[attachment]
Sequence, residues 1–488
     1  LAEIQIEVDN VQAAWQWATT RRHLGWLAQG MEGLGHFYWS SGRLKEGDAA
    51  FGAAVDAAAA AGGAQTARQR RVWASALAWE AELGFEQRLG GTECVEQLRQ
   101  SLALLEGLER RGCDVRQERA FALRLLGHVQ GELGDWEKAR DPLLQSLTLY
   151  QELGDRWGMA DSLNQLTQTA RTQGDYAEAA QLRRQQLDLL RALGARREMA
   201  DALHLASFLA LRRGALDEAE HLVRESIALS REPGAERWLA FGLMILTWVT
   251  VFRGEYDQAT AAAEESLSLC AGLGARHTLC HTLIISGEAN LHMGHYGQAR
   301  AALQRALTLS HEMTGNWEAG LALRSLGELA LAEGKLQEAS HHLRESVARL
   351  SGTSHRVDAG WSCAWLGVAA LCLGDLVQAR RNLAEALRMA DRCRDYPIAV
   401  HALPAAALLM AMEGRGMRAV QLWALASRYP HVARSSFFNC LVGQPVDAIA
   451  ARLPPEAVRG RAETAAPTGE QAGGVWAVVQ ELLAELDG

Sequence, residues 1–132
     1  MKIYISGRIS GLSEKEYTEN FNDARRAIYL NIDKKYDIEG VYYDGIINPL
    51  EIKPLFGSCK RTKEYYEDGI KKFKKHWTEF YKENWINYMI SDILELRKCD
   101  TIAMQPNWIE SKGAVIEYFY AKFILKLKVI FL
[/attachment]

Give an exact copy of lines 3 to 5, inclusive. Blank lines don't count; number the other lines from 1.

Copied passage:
    51  FGAAVDAAAA AGGAQTARQR RVWASALAWE AELGFEQRLG GTECVEQLRQ
   101  SLALLEGLER RGCDVRQERA FALRLLGHVQ GELGDWEKAR DPLLQSLTLY
   151  QELGDRWGMA DSLNQLTQTA RTQGDYAEAA QLRRQQLDLL RALGARREMA